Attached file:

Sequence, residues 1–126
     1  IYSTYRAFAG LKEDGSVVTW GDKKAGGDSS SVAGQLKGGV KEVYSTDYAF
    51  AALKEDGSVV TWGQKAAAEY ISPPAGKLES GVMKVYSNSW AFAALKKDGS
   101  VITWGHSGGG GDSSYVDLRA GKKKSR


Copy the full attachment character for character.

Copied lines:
Sequence, residues 1–126
     1  IYSTYRAFAG LKEDGSVVTW GDKKAGGDSS SVAGQLKGGV KEVYSTDYAF
    51  AALKEDGSVV TWGQKAAAEY ISPPAGKLES GVMKVYSNSW AFAALKKDGS
   101  VITWGHSGGG GDSSYVDLRA GKKKSR